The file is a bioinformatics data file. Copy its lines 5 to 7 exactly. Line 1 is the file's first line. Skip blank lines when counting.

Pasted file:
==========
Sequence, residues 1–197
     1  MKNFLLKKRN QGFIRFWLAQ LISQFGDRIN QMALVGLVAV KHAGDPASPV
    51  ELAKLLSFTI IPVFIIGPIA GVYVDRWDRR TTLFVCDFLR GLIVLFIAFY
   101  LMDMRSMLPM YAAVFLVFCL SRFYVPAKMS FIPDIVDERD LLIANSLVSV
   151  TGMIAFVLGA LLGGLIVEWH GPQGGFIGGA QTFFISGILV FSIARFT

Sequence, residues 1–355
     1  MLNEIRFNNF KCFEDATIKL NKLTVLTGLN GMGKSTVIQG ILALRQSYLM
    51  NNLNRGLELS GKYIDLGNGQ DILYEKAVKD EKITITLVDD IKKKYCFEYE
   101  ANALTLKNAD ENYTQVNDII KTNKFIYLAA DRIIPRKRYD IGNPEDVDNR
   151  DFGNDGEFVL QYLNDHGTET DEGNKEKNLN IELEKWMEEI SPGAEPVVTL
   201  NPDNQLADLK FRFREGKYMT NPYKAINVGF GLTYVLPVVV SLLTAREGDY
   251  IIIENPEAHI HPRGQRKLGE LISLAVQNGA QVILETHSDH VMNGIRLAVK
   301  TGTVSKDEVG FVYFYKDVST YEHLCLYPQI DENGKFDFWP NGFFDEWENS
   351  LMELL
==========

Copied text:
   151  TGMIAFVLGA LLGGLIVEWH GPQGGFIGGA QTFFISGILV FSIARFT

Sequence, residues 1–355
     1  MLNEIRFNNF KCFEDATIKL NKLTVLTGLN GMGKSTVIQG ILALRQSYLM